Even if a would-be hacker was able to access the data without proper approvals from the data owner, he wouldn’t be able to copy it. It would be impossible to add a new block to the chain without the majority of nodes verifying its validity.
  • Total user control over data
    Unlike with current protocols in which the third party companies basically become data owners once users hand the information over, a blockchain network would enable users to be totally in charge of their data.
    They’d have full control over who has the right to use their data and what can be done with the information once access has been granted.

Image via BlockchainTechnologies

Blockchain Identity Authentication Issues that Need to Be Ironed Out

Despite all the promise it holds, blockchain identity authentication still has a few worrying aspects that need to be solved if such a system was to be built. We’ve narrowed them down to four:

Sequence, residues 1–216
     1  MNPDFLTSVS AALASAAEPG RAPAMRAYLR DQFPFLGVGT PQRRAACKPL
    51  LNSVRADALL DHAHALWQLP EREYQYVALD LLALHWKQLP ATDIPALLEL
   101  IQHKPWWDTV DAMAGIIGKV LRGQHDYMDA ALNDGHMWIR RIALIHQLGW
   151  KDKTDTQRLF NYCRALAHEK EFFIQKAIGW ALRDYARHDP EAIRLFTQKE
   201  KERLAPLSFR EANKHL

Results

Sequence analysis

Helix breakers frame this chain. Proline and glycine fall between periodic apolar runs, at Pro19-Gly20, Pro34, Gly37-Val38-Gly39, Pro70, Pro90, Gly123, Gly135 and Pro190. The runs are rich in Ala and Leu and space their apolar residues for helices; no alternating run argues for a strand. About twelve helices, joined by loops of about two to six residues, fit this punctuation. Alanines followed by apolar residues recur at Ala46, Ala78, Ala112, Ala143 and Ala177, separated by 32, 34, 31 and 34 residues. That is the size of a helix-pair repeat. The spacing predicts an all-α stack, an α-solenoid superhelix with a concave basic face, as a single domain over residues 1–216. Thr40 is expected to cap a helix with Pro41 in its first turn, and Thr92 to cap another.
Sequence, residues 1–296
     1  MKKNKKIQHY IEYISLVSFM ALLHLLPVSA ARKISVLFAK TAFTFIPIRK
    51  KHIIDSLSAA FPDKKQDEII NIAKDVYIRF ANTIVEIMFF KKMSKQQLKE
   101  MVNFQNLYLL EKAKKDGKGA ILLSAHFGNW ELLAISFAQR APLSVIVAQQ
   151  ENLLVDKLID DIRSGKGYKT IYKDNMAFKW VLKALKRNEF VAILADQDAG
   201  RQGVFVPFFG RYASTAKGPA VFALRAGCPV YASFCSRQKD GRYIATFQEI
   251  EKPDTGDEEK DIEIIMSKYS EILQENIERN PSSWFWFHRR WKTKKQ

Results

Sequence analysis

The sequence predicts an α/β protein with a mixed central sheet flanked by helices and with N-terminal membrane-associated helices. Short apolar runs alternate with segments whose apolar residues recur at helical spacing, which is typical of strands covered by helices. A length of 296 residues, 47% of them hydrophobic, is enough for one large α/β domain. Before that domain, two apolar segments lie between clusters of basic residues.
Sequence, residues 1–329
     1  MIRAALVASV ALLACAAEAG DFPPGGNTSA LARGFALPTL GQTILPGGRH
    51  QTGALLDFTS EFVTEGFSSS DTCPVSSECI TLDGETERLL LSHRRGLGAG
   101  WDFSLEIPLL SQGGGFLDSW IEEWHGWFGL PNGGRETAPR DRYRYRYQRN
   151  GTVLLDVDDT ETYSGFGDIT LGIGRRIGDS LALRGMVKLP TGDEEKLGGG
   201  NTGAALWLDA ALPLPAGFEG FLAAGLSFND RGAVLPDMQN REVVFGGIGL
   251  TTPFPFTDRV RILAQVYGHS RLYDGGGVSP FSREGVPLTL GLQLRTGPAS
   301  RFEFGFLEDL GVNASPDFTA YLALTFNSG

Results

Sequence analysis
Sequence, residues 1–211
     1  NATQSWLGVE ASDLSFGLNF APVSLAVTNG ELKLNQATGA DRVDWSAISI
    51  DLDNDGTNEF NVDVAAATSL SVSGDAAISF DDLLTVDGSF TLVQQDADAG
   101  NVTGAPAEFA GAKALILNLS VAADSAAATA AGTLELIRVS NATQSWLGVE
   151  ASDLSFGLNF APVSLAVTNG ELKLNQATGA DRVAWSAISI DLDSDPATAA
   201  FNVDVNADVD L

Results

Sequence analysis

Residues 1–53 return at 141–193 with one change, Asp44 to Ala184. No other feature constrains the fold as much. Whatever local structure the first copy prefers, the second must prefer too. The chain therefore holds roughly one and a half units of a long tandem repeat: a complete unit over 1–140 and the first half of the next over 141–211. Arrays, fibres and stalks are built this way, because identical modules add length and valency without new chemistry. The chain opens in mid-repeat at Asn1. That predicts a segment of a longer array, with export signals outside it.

• Incentivizing the nodes
    In order to function, a blockchain requires lots of different independent participants in calculating the system.
    A system used solely for blockchain authentication would have no cryptocurrency running through it. There would be no financial benefit to being one of the nodes, so some other form of rewarding people would have to be figured out.
  • Permanent loss of access
    If the only way to gain access to the personal data stored on the blockchain is through a private key, what would happen if a user was to lose his or her key?
    If such a turn of events was to happen within a centralized system, you’d simply call the institution that issued the document and tell them you got compromised. However, in the case of a decentralized authentication system, there’s no central entity, so there would be no way to get a new private key used for data access.
  • Scalability issues
    While unquestionably secure, blockchain-based systems tend to get rather complex, rather fast.